Disorder, riot, and unweeded gardens

 Bill Bratton, the supercop who’s credited with successfully cutting gang crime in New York and Los Angeles, is going to be consulted by the UK prime minister about how to solve the issue of the recent riots in English cities.

 Probably without realising it, he made a very Shakespearian statement in an interview reported by the Daily Mail:

 In a country that loves gardening, you fully appreciate the idea if you don’t weed a garden, that garden is going to be destroyed – the weeds are going to overrun it.

Similarly for social disorder: if you don’t deal with those minor crimes, they’re going to grow. What also grows is fear, the most destructive element in any civilised society.

Shakespeare often used the metaphor of the garden when talking about disorder and unrest. In despair at the beginning of the play, Hamlet can’t see any good in the world:

                       ‘Tis an unweeded garden
That grows to seed, things rank and gross in nature
Possess it merely. 

 In Richard II it’s no surprise that it’s the gardeners, who come to keep the King’s garden orderly, who make the most direct link between their world and what happens in the country as a whole.

      Why should we …
Keep law and form and due proportion,
Showing as in a model our firm estate,
When our sea-walled garden, the whole land,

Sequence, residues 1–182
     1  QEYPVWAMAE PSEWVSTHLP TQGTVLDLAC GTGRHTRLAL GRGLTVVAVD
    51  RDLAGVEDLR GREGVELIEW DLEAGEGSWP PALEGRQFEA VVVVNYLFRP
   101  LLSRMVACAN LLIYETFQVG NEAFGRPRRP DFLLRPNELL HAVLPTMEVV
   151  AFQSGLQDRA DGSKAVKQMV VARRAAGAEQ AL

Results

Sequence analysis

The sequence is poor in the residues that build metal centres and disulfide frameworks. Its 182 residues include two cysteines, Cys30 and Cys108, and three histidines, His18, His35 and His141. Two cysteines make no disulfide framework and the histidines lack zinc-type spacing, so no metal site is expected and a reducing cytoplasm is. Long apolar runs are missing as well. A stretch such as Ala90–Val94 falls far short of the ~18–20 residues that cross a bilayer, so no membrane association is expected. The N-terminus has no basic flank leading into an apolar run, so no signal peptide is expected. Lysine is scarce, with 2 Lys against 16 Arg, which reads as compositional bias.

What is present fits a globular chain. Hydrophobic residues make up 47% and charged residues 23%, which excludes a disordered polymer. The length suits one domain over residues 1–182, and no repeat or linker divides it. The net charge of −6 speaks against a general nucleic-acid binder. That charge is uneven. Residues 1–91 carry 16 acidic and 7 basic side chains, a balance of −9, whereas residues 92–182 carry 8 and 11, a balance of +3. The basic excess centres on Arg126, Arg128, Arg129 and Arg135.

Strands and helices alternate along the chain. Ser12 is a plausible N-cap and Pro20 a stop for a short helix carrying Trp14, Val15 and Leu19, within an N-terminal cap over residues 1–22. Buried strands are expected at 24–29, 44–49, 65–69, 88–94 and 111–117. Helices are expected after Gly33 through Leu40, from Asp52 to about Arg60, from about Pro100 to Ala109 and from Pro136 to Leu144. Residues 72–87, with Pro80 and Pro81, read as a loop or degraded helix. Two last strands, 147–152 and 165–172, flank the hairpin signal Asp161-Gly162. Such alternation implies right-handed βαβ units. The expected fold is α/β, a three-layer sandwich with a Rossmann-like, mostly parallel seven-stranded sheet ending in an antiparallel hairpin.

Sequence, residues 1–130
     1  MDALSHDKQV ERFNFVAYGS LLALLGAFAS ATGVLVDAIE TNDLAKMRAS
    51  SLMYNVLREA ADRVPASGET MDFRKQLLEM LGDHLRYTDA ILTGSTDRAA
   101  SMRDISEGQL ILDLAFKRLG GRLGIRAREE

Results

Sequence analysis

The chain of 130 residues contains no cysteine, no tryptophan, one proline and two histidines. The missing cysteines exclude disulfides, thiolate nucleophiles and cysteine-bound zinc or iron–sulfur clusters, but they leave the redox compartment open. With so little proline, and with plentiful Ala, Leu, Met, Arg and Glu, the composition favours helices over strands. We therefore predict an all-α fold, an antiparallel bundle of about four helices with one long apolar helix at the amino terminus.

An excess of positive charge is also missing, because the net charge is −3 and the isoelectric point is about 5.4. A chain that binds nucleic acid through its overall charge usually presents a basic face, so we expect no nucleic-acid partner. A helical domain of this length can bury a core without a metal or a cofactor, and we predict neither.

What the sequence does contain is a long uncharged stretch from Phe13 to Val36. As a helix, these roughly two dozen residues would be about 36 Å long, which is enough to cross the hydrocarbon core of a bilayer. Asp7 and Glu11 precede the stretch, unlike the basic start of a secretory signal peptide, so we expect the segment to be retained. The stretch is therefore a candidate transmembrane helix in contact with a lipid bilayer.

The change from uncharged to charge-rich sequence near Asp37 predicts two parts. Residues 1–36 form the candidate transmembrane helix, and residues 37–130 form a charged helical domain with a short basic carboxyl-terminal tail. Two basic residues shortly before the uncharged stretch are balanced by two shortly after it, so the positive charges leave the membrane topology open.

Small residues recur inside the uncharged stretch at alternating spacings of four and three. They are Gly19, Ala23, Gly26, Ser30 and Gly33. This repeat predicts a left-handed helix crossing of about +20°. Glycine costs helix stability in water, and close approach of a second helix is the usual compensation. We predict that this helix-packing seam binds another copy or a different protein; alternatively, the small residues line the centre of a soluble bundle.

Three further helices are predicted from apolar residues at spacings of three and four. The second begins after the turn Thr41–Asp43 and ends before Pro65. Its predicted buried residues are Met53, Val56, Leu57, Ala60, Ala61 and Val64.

Is full of weeds, her fairest flowers choked up,
Her fruit trees all unpruned, her hedges, ruined,
Her knots disordered, and her wholesome herbs
Swarming with caterpillars.


The recently restored Elizabethan knot gardens at Kenilworth Castle

The ideal garden in Shakespeare’s time was a model of order, the knot garden, a formal geometrical construction. The whole point of this style of garden is that it is under control. Vigilant gardeners had to clip the box hedges regularly, scrupulously remove weeds and rake the gravel, or the garden ceased to be a garden at all, and they required so much maintenance that they can only ever have been popular with the wealthy. There are several modern examples of modern knot gardens, including the one at Nash’s House and New Place in Stratford-upon-Avon and the recently restored and controversial gardens at Kenilworth Castle. If you’d like to read more click here for an excellent description of Elizabethan gardening.

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2 Responses to Disorder, riot, and unweeded gardens

  1. Richard Morris says:

    Gardens have long been used as a metaphor, mankind trying to impose order on nature in the hope this will represent society. The idea of Paradise originates from the Middle East and probably came back with the crusaders. As you say Elizabethan knott gardens were very formal and I think indicates a need to impose order on a disordered society. Ironically modern gardeners are more relaxed about weeds as they provide habitat for wildlife.
    Some people like the idea of anonymity of a large city but equally think this anonymity makes them worthless, so rioting is somehow getting back at society for this lack of recognition (not to mention opportunist criminality). In a small town like Stratford it would be more difficult to get away with this as someone will know you and your family. As a boy growing up in the 1950s my mother seemed to related to half of Stratford.
    Family and parentage are of course constant themes in Shakespeare’s plays, where reputation of family is much more important than today.

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